The toll taken by the War on Drugs is enormous and incalculable. People had their lives destroyed for minor infractions, and that damage can never be undone. Still, there must be a way for the government to make up for the harm it has caused, and the lives it has destroyed, in the pursuit of the impossible goal of a “Drug-Free America” that resulted in overly harsh law enforcement targeting urban communities of color. One way to begin to repair this damage is through policy designed to improve the lives of victims of overly punitive marijuana policies in states that have since legalized recreational use. Knowing that marijuana is now legal will be cold comfort to those who spent years in prison for being caught holding a joint, who cannot get public housing or federal student loans because of a criminal record, who have found themselves unemployable because of a box on a job application that they have to check. Countless policies at the state and federal levels seem designed to destroy the lives of convicted felons, to make their path to rehabilitation more challenging, to hinder their ability to build a stable life and to increase the likelihood of recidivism. Not only should these punishments no longer be inflicted on those who have unnecessarily suffered for infractions since made legal, but steps can and should be taken to ensure that victims of the drug war receive restitution for the suffering they endured. Unfortunately, policy regarding legalization does not always take this approach. Among the many policies related to marijuana legalization that seem to favor the white and rich are the various employment and licensing restrictions placed on those with previous criminal convictions. Essentially, this means that anybody arrested for selling marijuana when it was illegal is barred from reaping the rewards of its legalization. Accounting for the fact that the strict regulations on marijuana sales makes the price of opening a dispensary extremely high, the effect of this legislation is that those who suffered under overly aggressive laws for decades (typically minorities living in poverty-dense neighborhoods) cannot benefit from marijuana legalization. Instead, all of the money will go to people who are already wealthy and were never caught smoking marijuana. If state and local governments do not account for the damage they have done and take steps to atone for it, the history of racial injustice in drug policy enforcement will leave a long and painful legacy. In 2016, three states voted to legalize recreational marijuana: Massachusetts, Nevada, and California. While dispensaries in Nevada have already been up and running for months, the process of regulating the sale of marijuana in California, which has largely been left up to local jurisdictions, has been slow and complicated. Yet one recent development from the Los Angeles City Council shows that they are taking seriously their responsibility to lift up communities that have been harshly punished by the drug wars. Herb Wesson, the LA City Council President, has proposed a program that would support people convicted of marijuana offenses by expunging their records and helping them set up legal dispensaries. In an idea inspired by one proposed by the Oakland city government, the city would provide assistance with licensing, and even offer reduced rent on vacant city properties. In addition, new dispensaries would be required to hire a certain number of low-income workers in order to maintain their license. California law prohibits local governments from giving preferential treatment based on race or ethnicity, but since the war on drugs has so disproportionately punished people of color, this form of reparation is almost certain to have the intended effect. One of the main arguments in favor of marijuana has long been the revenue that will be raised to fill the coffers of states and cities, and undoubtedly the taxes raised from marijuana sales, coupled with the money saved by not having to enforce drug laws, will be enormously beneficial. But cities need to do more than legalizing marijuana and wait for the money to roll in if they want to heal the wounds inflicted by decades of discriminatory policies. By erasing the drug convictions of low-level offenders and helping them enter the rapidly expanding legal marijuana market, California has created a model for how to repair the harm it has caused. Hopefully, other cities will follow suit.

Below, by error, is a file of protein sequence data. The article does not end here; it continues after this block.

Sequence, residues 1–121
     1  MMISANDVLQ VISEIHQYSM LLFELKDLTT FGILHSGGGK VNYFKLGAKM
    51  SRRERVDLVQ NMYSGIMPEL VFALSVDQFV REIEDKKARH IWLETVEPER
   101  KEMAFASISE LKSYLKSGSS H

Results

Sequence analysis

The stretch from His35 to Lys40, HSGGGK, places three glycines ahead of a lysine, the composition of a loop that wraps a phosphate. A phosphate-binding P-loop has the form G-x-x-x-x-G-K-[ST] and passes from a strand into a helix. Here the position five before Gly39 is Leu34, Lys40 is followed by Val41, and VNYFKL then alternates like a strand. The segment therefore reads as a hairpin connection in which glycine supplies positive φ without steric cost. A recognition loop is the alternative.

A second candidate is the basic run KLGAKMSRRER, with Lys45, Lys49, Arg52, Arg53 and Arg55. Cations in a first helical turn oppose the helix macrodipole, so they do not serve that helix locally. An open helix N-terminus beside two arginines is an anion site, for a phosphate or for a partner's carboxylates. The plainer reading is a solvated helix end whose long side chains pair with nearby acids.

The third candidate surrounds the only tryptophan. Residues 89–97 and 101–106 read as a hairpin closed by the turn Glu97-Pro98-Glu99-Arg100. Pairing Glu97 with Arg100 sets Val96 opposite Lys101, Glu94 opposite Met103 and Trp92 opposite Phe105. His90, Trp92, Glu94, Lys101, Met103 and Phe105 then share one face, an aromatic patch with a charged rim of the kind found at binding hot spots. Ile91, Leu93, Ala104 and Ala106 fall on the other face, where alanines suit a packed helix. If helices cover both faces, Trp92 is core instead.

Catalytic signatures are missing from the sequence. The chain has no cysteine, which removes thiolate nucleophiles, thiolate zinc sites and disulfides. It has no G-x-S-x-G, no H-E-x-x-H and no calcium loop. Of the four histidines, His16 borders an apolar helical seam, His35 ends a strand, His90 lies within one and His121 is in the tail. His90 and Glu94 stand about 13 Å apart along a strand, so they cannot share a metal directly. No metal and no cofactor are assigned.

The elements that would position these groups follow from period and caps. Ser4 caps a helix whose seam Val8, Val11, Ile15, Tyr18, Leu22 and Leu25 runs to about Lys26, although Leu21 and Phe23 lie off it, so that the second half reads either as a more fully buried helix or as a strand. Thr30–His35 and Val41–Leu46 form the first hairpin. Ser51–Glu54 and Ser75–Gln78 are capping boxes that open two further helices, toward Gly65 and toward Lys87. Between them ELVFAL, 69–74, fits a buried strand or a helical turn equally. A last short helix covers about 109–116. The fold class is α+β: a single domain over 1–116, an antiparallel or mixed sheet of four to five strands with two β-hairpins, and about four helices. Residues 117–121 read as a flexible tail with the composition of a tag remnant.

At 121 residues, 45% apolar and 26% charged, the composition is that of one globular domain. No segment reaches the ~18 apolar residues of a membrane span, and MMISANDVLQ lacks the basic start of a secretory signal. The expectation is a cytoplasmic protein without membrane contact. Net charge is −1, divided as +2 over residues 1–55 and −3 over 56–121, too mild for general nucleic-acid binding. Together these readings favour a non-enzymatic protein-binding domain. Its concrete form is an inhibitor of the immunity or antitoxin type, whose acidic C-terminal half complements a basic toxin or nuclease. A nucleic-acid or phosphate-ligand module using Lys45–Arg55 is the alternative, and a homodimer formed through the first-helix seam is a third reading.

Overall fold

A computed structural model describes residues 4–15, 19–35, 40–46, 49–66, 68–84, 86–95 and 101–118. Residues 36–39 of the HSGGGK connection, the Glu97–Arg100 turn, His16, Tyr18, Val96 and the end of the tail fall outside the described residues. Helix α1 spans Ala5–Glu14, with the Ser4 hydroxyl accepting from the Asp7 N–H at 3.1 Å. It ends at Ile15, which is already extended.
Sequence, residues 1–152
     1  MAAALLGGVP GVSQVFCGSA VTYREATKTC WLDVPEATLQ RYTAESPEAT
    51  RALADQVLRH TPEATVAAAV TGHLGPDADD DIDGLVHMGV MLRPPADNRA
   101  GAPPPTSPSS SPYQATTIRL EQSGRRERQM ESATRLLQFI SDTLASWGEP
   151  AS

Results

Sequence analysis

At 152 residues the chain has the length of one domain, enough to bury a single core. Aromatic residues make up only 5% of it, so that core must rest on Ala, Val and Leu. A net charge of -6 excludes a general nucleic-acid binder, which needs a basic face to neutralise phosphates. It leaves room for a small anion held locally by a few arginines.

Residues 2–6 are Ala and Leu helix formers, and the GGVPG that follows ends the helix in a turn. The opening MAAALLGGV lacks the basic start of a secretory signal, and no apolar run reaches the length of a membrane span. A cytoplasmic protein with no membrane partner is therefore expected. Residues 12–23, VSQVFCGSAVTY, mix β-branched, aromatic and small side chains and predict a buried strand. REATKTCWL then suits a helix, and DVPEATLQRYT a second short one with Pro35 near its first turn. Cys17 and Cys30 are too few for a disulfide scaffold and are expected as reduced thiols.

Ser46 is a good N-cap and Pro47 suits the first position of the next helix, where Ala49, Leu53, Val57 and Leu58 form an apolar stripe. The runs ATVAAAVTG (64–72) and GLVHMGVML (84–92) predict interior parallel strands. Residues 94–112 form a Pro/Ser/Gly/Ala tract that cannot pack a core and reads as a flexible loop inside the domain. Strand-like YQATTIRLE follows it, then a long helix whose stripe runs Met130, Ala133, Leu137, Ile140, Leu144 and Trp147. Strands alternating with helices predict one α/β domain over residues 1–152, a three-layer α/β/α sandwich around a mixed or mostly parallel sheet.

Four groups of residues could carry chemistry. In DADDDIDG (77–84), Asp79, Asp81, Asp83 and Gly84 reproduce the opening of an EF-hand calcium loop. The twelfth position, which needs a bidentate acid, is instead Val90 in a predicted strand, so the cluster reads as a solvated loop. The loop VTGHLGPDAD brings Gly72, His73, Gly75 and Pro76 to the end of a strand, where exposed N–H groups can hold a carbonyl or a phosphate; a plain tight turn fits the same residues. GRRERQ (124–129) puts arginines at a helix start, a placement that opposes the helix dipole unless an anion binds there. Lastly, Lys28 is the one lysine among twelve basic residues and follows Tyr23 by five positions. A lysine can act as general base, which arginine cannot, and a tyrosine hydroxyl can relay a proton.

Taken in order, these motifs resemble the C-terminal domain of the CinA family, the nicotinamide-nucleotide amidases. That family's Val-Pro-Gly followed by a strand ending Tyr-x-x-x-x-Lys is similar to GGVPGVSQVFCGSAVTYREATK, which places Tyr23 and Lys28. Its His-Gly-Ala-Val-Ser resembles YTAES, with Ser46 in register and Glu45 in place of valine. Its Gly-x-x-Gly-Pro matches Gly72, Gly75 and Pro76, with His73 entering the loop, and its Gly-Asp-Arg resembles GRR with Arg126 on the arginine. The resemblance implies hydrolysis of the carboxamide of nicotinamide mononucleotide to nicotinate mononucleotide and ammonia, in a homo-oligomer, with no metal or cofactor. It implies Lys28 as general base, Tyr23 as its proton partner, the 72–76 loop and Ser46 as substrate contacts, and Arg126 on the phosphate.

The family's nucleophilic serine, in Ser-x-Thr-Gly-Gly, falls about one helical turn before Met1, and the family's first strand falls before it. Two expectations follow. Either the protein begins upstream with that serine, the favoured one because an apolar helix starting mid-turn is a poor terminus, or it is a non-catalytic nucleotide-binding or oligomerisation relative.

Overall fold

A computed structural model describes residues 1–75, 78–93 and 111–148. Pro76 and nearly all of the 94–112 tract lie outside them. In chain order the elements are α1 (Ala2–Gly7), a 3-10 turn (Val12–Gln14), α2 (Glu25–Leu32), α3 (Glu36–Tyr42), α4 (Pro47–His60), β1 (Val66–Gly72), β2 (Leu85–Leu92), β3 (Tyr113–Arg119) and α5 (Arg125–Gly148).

There are many reasons to legalize marijuana in all states, not just the eight that have already done so. No longer will we continue to ruin hundreds of thousands of lives through arrests for marijuana possession. Police, our courts, and prosecutors will be put to far better use. Marijuana will be safer through the regulation of how it is sold and who sells it. We will stop subsidizing the drug cartels that profit from control over the black market. But as important as all of those factors are in considering marijuana legalization, perhaps the most significant reason to move towards legalization is that it will make it possible for us finally to provide drug education, especially to our youth, in a way that works because it is open and honest. That is not possible now. Our national policy on marijuana is abstinence because it has to be. When a substance is illegal what else can we expect schools to tell children but to never use it? Unless we really expect that teenagers never will or should experiment with marijuana, where does that leave our programs of drug education? Short answer: they can’t, and, for the most part, do not work. In the current issue of the Journal of the American Health Association, Dr. David Nathan and his co-authors wrote that “Cannabis prohibition for adults does not prevent underage use… Unfortunately, prohibition sends the message that marijuana is dangerous for everyone, because it is illegal for everyone, and children know that is not true. If we want our children to believe us when we say that cannabis can be harmful to them, our laws should reflect the difference in health effects of underage and adult use.” This distinction between underage and adult use is lost, of course, on our Attorney General Jeff Sessions. For him, and much of the federal bureaucracy, all drug use is bad. That is why the Drug Abuse Resistance Education program (DARE) has been the most prominent federally-funded drug education since its founding in 1983. My colleague Tom Houseman has written that “DARE is famous for its distinctive slogan, its use of police officers as teachers, the pledge it has students sign to remain drug-free, and the countless studies that have proven it to be, at best, almost completely ineffective.” To the extent that DARE relies on police officers to stand in front of a classroom full of high school students and lecture them on the dangers of drug use, such programs are pedagogically unsound. Do we really believe that kids will respond to being told what to do, especially when what they are hearing does not jibe with their own experience, and what they know adults are doing? Faced with criticism over the years, DARE has made efforts to adjust. Jeff Sessions: The message has largely shifted away from “just say no” and introduced life skills training, and often drug use is not discussed at all. But without being able to teach harm reduction and safe use, the idea of “just say nothing” will barely be more effective than “just say no.” Harm reduction calls upon us to be present and offer resources for those struggling with addiction without insisting on abstinence. This should be the starting point for all that we do in relation to drug use, including the education of our youth. The concept of “abstinence only” is incompatible with “harm reduction.” This does not for a second mean that abstinence is wrong, or should be discouraged. It means only that harm reduction is both more realistic and more helpful to the majority of teenagers when it comes to drug education. Activist and educator Marsha Rosenbaum, captures the key point in the title of her booklet “Safety First: A Reality-Based Approach to Teens and Drugs.” This is what we need. This is what we should work toward as we stop living in the darkness of drug prohibition, and even the twilight zone of decriminalization. Drug legalization will make good education possible.
On Thursday, the Illinois Senate approved a bill to remove criminal penalties for simple marijuana possession, replacing the threat of jail time, a criminal record, and a lifetime of collateral consequences with a $125 fine, similar to a ticket for a traffic offense. The measure, which was approved by the House of Representatives in April, will now be sent to Gov. Bruce Rauner (R) for his signature.
Vox.com, the sixth brand of Vox Media, launched in 2014 as “a general interest news site for the 21st century.” With the goal of providing context for the news, Vox.com has created several “Card Stacks” on topics ranging from marijuana legalization to vaccines to the sexual assault allegations against Bill Cosby. The swipeable Stacks consistent of around 20 cards, each which provide background information on the featured topic in an accessible and understandable way.